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Marine Corps Logistics Base Albany


Readiness Enabler for Operational Forces  •
Maintenance Center satisfies customers;

By Colie Young | | November 27, 2002

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The Maintenance Center at Marine Corps Logistics Base Albany has moved beyond the Corps to develop good working relationships with other military and private installations. Just ask members of its sister-service at Warner Robins Air Force Base in Macon, Ga.

During the past 14 to 16 months, Albany's Maintenance Center hosted numerous teams from the Macon-based installation, showing the vast capabilities of the multi-commodity depot. But it took a casual conversation to really mesh the two entities together.

"During one of Warner Robins' visits, a casual conversation about an unpleasant experience really ignited their interest in us," said Roger German, program analyst with Albany's Marketing Office.

"Apparently they had a piece of gear that needed to be fixed," said German. "When they went to the original vendor, they were given a price of $14,000 to fix the gear. When they checked further, they learned that the same gear, brand new, was only $13,000. Obviously repairing did not make good business sense, so they decided to go ahead and get new equipment. Then, when they went to make the purchase, surprisingly the price had skyrocketed to $52,000!"

German said it was this casual conversation that led him to offer to fix Warner Robins' gear and subsequently became the point where the two commands really came together.

"Up until that point they really didn't know our full capabilities," said German. "When I offered to look at the gear that needed repairing, they basically said, why not."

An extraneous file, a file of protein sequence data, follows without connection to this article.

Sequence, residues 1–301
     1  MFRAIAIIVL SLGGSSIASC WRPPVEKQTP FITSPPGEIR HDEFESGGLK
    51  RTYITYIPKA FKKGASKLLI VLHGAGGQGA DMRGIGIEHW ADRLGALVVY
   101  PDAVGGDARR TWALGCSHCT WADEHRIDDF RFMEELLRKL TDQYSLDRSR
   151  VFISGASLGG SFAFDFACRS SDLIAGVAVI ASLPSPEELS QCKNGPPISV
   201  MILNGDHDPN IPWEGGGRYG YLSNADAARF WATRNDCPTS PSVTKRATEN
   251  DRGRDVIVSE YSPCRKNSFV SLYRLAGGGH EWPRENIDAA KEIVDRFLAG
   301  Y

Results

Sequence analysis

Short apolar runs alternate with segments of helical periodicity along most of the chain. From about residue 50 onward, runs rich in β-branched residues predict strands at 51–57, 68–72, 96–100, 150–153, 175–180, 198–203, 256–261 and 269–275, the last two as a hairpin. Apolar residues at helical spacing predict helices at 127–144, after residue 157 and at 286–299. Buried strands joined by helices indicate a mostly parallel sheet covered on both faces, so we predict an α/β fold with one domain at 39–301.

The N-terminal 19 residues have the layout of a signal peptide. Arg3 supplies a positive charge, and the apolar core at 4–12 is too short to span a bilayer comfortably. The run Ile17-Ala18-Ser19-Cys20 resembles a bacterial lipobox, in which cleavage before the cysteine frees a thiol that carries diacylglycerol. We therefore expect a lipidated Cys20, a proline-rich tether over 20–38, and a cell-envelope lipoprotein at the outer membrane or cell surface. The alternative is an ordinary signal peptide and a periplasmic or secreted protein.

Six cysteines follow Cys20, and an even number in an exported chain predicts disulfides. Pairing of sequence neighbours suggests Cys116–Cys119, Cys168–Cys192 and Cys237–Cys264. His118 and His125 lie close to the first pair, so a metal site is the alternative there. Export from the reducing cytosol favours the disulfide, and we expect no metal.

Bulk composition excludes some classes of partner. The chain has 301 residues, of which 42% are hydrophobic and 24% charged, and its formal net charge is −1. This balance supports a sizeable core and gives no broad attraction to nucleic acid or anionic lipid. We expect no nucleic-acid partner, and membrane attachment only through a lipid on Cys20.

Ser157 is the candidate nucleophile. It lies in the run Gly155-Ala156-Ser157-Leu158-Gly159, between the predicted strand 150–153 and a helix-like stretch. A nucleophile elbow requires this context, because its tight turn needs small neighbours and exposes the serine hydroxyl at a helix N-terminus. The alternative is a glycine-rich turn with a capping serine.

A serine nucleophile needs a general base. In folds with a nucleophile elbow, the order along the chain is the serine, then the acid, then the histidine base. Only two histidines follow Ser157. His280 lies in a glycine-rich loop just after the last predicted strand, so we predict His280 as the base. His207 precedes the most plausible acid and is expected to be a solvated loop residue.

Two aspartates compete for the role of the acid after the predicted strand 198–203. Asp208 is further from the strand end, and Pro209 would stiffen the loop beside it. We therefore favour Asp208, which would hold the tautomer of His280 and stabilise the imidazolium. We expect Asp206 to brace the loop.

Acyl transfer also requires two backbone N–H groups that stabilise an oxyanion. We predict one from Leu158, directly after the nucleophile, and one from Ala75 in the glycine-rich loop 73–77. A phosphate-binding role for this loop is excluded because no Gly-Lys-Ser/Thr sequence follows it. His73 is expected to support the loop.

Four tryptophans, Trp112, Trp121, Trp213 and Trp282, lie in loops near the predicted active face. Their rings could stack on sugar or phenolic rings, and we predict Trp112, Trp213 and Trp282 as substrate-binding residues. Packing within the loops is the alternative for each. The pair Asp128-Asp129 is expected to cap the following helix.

Warner Robins personnel immediately sent the gear to Albany's Maintenance Center for an estimate. Jim Hamsley with Albany's Maintenance Directorate along with Jim Clanton, Pete Dembowski, Harold Eidson, and Gene Griswold of the base's Maintenance Center, wasted no time in reviewing the equipment, negotiating a competitive cost estimate and collaborating a schedule to meet the customer's expectations.

?Soon, the items were repaired and returned to Warner Robins at cost and within the time frames agreed upon, thereby creating another satisfied customer relationship for the Albany depot.

The success story caught the attention of Warner Robins' program managers. Albany's new relationship and proven ability to deliver on their commitment led to the Albany depot recently receiving $1.08 million in funding to work more than 120 additional items from the sister-service's base.

"I believe our people actually sold the Maintenance Center to Robins Air Force Base," said German. "Most of the employees at the depot have been here 25 to 30 years. When Robins came down and met our people they were surprised at our expertise. Then when we showed we could do the work at or below cost and get it back to them when they needed it, that solidified the partnership."

Jo Sehorn, program manager at Warner Robins Air Force Base, echoed German's comments.

"We are completely pleased with the work that Albany's Maintenance Center provides us," Sehorn said. "They have outstanding capabilities and I feel our working relationship will be a lasting one."

Personnel at Albany's Maintenance Center excel in areas critical to the Warner Robins Air Force Base's mission, such as communication electronics, calibration, test equipment and work done in the metrology section.

"Last year we received about $300,000 in work requests from Robins Air Force Base," German explained. "With the recent funding for $1 million, I'd say that's a substantial workload."

A workload that, according to German, will continue to grow while personnel at both commands continue to smile.



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